By Matt McGrath
Using wood pellets to generate low-carbon electricity is a flawed policy that is speeding up not slowing down climate warming.
That’s according to a new study which says wood is not carbon neutral and emissions from pellets are higher than coal.
Subsidies for biomass should be immediately reviewed, the author says.
Energy from trees has become a critical part of the renewable supply in many countries including the UK.
While much of the discussion has focussed on wind and solar power, across Europe the biggest source of green energy is biomass.
It supplies around 65% of renewable power – usually electricity generated from burning wood pellets.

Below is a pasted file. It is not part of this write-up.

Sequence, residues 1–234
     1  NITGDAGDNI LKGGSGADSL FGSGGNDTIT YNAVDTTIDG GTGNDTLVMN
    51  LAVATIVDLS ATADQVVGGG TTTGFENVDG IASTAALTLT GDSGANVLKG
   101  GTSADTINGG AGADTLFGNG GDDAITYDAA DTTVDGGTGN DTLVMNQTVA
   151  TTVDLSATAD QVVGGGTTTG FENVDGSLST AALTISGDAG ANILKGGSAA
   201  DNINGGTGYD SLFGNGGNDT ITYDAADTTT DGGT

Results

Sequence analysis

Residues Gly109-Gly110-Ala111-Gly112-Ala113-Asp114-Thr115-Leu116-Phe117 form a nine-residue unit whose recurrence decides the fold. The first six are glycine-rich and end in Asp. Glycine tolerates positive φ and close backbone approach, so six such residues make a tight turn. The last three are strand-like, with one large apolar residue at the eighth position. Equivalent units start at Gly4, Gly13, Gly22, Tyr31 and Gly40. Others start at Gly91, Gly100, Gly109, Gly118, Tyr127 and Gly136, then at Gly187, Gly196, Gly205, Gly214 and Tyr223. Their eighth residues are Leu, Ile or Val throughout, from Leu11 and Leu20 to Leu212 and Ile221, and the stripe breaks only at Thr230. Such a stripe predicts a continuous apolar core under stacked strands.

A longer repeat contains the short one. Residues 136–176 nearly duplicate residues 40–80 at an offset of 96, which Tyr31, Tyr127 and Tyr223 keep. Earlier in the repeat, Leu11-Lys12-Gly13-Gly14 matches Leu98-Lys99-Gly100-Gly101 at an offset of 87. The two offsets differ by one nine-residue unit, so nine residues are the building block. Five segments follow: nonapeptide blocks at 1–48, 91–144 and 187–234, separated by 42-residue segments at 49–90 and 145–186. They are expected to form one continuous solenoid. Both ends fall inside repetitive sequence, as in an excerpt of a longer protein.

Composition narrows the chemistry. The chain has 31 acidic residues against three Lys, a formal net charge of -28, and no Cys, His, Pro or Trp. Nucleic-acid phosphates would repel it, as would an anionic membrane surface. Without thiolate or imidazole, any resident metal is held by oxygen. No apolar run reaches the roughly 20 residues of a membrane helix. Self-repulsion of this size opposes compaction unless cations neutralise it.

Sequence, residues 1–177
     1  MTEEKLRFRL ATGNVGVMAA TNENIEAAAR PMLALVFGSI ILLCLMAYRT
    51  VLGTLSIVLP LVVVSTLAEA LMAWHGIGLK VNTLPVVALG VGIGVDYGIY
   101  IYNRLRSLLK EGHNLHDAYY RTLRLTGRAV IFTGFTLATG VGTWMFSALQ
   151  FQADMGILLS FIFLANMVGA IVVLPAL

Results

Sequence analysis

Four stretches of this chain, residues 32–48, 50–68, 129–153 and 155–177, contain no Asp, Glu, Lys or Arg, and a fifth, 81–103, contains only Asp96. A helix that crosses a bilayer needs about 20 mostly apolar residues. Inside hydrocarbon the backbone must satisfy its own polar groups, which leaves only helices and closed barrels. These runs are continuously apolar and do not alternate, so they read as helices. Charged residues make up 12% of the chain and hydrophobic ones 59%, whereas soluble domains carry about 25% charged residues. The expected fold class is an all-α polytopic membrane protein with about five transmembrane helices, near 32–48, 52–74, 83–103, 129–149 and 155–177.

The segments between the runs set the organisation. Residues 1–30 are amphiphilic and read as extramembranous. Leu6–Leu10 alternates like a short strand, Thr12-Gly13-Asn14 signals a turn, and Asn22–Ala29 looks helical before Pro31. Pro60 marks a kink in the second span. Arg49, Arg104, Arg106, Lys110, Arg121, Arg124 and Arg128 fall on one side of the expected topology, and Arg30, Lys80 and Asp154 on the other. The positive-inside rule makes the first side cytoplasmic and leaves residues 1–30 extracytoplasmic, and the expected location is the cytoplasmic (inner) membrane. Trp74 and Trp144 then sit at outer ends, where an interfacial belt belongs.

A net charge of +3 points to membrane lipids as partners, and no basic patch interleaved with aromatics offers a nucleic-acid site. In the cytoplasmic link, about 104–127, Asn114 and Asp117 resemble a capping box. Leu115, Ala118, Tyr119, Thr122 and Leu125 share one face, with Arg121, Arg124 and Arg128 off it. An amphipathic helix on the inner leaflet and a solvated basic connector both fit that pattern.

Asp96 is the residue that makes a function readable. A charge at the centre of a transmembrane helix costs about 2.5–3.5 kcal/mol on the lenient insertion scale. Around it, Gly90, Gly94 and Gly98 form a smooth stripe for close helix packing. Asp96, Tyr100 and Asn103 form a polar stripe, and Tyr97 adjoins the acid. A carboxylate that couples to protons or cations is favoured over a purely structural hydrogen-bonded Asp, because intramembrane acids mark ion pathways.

EU Governments, under pressure to meet tough carbon cutting targets, have been encouraging electricity producers to use more of this form of energy by providing substantial subsidies for biomass burning.
However this new assessment from Chatham House suggests that this policy is deeply flawed when it comes to cutting CO2.
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